I’ve spoken before about the goblin army that’s been gathering on the edge of my desk, now it’s time to do something about it. In the past, when I was young and ignorant, I would decry people who ended up with heaps of unpainted models cluttering up their homes. “If you’re not going to paint it”, I would say snobbishly, “why are you buying it?”. The target of my ire wasn’t people who only want to game and find painting dull or a chore, fair play to them really. No, I heaped my disgust on people who like to paint but who lacked the self-control to not buy more than they can deal with – people like myself essentially, and probably most of my readers. Naturally, time has made a fool of me and my loudmouth assertions.
Furthermore I claimed that I would never buy any fantasy greenskins because my heart was already sold to the orks of 40k. The goblins, little devils that they are, gathered anyway, a great horde massing in the corner of the room whilst I was busy denying it’s existence and burying my head in the sand. In the end, of course, you can’t keep ignoring it any more, but by that point it had grown so big and imposing I found myself a little frightened to tackle it. Some people call it the grey tide, others the lead mountain, in my case it’s actually a combination of the two, so the question is; what to do about it? Ignoring it has got me this far but that won’t make it magically paint itself. Plus, I want to paint it, it’s just that the thought of starting is quite overwhelming. The tricky part in a situation like this is breaking the inertia. Once an army is underway it’s easy enough to add a few more models as the whole project begins to develop its own momentum. I could try the technique of adding at least one model every month, as has proved so successful with my Skaven but as I’m still doing that with the rats trying to do the same thing at the same time with the gobbos feels like asking for trouble.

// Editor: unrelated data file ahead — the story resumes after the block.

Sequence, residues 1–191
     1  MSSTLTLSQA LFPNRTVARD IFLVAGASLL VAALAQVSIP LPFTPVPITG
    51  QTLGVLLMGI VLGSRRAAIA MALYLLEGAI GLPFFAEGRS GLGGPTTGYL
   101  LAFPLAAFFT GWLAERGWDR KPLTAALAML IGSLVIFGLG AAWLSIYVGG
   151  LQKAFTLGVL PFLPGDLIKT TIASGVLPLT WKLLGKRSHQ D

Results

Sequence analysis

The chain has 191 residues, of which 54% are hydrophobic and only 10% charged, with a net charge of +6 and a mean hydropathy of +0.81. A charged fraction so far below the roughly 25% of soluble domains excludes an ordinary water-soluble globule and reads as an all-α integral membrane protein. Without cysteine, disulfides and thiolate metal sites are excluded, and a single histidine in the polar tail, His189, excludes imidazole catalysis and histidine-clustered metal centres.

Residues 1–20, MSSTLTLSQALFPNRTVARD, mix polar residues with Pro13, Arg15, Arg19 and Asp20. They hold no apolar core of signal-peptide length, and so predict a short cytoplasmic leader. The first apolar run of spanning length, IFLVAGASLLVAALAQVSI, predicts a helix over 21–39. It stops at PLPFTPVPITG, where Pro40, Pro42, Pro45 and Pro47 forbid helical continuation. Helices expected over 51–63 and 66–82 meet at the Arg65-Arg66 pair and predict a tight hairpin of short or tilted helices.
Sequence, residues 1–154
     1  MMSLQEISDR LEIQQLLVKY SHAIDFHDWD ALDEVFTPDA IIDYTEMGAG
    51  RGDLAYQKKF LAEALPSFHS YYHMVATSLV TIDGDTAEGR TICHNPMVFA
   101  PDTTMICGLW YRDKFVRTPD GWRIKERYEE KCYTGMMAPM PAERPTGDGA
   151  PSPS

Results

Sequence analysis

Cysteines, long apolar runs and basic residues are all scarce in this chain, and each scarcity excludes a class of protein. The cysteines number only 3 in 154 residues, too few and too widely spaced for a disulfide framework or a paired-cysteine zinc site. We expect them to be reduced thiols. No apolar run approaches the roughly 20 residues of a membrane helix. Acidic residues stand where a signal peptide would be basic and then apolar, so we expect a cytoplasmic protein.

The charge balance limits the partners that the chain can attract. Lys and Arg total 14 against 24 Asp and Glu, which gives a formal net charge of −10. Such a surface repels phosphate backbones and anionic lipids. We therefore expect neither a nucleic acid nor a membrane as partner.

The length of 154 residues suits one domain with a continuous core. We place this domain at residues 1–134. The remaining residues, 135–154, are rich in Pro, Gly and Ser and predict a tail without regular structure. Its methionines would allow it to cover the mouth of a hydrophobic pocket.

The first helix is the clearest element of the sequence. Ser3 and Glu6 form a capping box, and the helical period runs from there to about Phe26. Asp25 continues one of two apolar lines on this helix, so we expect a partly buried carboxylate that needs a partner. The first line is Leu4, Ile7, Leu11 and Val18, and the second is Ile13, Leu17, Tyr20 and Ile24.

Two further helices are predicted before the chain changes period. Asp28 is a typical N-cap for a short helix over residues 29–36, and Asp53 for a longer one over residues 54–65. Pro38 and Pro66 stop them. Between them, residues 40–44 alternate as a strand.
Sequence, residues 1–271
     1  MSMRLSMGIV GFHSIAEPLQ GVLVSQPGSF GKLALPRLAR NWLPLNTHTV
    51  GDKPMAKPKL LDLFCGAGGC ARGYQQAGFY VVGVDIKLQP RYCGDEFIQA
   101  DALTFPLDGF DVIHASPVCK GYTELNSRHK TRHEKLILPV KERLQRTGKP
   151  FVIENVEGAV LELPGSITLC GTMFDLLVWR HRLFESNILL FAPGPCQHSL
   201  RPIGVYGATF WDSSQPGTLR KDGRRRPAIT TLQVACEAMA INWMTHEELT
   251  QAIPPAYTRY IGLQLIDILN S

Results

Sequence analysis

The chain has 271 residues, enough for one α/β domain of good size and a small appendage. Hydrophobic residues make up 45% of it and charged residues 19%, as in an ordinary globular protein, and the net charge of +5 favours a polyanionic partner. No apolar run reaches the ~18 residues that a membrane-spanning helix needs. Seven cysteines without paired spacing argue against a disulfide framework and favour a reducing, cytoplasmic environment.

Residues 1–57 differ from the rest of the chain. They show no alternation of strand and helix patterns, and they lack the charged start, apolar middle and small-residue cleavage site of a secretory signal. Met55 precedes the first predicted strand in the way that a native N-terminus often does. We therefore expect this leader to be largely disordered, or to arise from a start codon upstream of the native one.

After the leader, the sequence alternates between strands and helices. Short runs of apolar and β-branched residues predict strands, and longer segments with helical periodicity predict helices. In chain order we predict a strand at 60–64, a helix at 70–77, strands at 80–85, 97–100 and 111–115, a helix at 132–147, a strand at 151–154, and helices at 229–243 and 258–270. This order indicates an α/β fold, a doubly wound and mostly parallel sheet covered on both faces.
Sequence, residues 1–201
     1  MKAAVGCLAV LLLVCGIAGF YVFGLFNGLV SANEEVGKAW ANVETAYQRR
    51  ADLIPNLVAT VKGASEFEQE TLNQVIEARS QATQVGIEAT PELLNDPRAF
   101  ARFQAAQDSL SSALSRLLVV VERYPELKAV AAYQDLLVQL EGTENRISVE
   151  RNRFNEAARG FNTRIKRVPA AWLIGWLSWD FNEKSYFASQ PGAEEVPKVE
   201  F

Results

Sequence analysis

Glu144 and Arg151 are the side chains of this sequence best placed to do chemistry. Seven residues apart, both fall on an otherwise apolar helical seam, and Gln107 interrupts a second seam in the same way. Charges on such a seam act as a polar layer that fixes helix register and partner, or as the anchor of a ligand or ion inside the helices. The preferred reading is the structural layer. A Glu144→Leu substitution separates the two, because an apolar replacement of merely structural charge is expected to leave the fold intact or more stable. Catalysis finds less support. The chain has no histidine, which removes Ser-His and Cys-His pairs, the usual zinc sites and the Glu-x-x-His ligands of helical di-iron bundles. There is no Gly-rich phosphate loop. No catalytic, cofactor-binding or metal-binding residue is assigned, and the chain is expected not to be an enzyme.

How about option three then; taking a run at it. After all they’re only little, and relatively easy to paint. How hard could it be (he said with a note of hysteria in his voice). Plus Azazel has set this month as Neglected Model Month in his series of monthly challenges, and this isn’t just a neglected model it’s a whole neglected army.
Before I launch myself into battle with the little greenies let’s take a look at what’s already been done. First of all here’s the goblin boss I painted earlier this year:
And here’s the fanatic that escaped from a demolished garage (or, in my mind at least, brought it down around his ears!)
Then we have all the various goblins I’ve painted in dribs and drabs over the past few years, always during my brief spells of enthusiasm when I would claim that this time I really, really would get them done.
None of them are perfect but for the moment I’m focusing on the fact that they’ll be hidden amongst a huge mob of their clanmates, and that if I go back to touch them up now I’ll never get anywhere.
I’d also add that these are Night Goblins and not Moonclan Grots. Age of Sigmar is an exciting world in its own right and so was old Warhammer. Few things were as iconic of the old world as the Night Gobbos and although I appreciate why GW transferred them across, indeed I’m glad they did, they don’t feel as comfortable a fit in the new realms as the races which were born there, like the Idoneth, or those which are a bit more generic like the Ironjaws or the Undead.
I don’t really have a defined goal with these, I certainly don’t expect to have everything done by the end of the month, or even by the end of the year. I would like to be able to say, by New Year-ish, “I have a little Night Goblin army” rather than “I have a load of unpainted models I’m faintly ashamed of”. Exactly how many I manage to deal with before the end of September however remains to be seen but I’ll count anything more than a handful as a victory and go from there.